Episode Information

WWL: The Music Industry's New Groove
Where We Live - with John Dankosky
Aired:
06/30/2009
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In this episode:

Making and accessing music has never been easier.

 

Episode Audio

49:09 minutes (23.6 MB)
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In a 2002 New York Times article, David Bowie said that “music itself is going to become like running water or electricity….it doesn’t matter if you think it’s exciting or not; it’s what is going to happen.” Now, seven years later, the music industry has continued its rapid metamorphosis. Often referred to as an industry in crisis, coming up Where We Live, we’ll be talking with writers and innovators who say the business of making music has never been better. Ignore the closed up Virgin MegaStore in cities across the country—listening to and making music is still big business. David Kusek, author of The Future of Music: Manifestor for the Digital Music Revolution joins us to talk about the new truths that govern the music world.  Also, The founders of Pandora and TuneCore chime in and we'll be joined in-studio by  WNPR’s own Anthony Fantano.


 
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Listener email from Fred

Wow, this is difficult...... it's funny, I've been buying CDs and even vinyl at the same rate as before. Though there are so many outlets now for music. I still do not / have not purchased a virtual piece of music, it's too vaporous / low quality for me. NPR is a major source of my new music... the interludes are a favorite, also WeSat, WeSun. Reading through traditional print media JazzTimes, DownBeat, newspapers etc... turns me on to potential bands. I still rely on radio and am a listener / member of a fantastic NPR affilliate WFUV here in the NY metro area. I have not found a critic(s) I can tru$t and plunk down funds for just a song. If I do find a new band or name, I ALWAYS check with my library first and try to borrow and or listen to their music first before purchase.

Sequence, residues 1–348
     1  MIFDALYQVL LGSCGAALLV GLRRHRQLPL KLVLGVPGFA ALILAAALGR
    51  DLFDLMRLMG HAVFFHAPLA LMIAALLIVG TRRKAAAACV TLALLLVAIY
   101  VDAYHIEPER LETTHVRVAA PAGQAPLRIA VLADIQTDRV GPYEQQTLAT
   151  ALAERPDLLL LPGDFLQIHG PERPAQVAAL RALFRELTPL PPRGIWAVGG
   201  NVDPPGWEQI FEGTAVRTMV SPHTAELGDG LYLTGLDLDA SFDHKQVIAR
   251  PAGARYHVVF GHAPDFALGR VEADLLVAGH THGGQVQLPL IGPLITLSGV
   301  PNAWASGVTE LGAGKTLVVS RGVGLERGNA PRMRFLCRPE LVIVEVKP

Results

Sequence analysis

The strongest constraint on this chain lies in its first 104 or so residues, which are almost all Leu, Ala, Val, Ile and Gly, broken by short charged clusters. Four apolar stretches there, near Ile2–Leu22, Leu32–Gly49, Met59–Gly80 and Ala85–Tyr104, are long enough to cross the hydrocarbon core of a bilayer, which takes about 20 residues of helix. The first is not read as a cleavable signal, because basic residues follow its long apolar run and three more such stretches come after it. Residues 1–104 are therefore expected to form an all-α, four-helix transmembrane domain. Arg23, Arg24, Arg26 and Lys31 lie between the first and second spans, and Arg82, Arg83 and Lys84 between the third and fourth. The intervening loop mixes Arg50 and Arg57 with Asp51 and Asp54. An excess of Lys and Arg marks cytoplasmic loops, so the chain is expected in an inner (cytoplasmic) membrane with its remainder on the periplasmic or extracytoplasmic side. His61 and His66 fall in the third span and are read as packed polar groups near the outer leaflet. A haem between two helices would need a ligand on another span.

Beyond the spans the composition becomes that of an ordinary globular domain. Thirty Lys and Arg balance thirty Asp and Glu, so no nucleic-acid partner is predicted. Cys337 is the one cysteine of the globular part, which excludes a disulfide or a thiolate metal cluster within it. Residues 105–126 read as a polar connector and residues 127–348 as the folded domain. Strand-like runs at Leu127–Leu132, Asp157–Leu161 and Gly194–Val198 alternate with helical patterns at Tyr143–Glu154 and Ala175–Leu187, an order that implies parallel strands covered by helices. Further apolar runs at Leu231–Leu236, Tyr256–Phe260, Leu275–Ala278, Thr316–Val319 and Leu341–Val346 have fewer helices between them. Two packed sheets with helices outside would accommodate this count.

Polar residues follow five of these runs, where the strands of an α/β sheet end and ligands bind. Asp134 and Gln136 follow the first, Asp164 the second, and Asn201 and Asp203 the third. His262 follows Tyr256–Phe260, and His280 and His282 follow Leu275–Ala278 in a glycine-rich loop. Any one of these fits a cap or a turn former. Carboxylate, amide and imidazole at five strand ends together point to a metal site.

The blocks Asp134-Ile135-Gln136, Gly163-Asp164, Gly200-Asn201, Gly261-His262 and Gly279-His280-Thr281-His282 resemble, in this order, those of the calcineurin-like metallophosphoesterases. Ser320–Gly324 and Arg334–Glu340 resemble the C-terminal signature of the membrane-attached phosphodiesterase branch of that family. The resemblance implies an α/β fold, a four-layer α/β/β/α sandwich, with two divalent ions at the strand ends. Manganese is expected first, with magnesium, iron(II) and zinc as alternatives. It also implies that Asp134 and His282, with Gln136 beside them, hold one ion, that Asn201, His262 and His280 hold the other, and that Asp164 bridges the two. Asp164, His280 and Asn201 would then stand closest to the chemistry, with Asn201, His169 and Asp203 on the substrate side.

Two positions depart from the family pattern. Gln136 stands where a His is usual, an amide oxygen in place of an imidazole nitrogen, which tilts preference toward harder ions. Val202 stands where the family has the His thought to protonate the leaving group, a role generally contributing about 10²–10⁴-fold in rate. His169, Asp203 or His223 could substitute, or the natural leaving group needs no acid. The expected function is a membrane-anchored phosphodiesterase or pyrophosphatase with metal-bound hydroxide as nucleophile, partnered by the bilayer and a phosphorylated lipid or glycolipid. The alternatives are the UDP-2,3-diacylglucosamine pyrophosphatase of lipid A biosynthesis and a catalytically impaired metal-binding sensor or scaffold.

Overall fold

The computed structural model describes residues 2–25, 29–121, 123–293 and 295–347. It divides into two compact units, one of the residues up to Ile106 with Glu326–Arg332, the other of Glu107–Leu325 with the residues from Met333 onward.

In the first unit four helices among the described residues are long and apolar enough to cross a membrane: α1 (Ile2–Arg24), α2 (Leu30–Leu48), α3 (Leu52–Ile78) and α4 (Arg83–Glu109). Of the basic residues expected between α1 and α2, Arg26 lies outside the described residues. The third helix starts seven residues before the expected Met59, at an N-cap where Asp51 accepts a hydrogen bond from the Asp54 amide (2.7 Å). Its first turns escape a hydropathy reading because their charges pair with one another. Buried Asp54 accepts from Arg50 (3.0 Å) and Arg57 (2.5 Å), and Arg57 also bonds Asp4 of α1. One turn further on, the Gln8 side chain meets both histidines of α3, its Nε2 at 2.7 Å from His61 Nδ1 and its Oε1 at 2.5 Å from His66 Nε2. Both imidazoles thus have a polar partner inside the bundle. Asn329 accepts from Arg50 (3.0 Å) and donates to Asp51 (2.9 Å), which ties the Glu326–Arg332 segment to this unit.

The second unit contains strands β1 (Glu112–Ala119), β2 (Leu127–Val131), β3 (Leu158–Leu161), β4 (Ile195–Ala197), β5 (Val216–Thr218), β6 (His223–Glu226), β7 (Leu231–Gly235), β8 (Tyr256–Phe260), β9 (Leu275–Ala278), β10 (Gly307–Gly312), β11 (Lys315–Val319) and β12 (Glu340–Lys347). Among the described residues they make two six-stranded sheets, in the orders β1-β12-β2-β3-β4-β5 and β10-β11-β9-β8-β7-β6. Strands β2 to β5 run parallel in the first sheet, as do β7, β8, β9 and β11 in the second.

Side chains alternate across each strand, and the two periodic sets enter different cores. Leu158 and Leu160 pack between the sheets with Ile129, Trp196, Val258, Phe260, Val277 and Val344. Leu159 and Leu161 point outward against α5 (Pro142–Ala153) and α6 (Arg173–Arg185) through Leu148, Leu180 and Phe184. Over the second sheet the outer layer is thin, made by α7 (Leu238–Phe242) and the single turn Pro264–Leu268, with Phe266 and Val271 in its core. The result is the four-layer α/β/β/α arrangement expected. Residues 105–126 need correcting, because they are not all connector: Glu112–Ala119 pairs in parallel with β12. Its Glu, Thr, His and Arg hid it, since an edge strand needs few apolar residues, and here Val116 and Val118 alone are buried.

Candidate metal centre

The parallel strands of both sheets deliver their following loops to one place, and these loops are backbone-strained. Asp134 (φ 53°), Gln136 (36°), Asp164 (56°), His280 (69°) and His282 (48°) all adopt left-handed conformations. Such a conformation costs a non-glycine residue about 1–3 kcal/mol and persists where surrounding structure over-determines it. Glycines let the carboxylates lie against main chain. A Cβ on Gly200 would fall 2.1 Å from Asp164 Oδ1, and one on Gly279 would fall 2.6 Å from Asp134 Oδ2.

For computer streaming I use http://www.facebook.com/l/;Slacker.com plug in a fav artist and see what happens. I do visit music store(s) Sally's Place, Voted #1 of Fairfield County quite a bit and hard purchase CDs, used vinyls."







 

Listener email from Benjamin

I think that the failing of the music industry is hopefully a big paradigm shift. Music is not being perceived as a commodity, but as an art, or an extension of one's own creativity. I think that if music is not viewed as something one can make money with, but instead what one can express themselves with, is a very healthy thing.

I just want to point out that almost all your callers were disputed by your guests. Maybe this is a sign of the more creative public radio audience, maybe its a sign of the experts not connecting with the general consensus.

Thank you, Benjamin Klein (experimental tuba player)

Great show...

Great show today - covered both the ups AND the downs for today's recording artists - and listeners, too! 

Special kudos for getting Dave Kusek on!

My site: http://four.markmarshall.com

(And I'm a big fan of album art too... sorely missed.)

Thanks again,

M.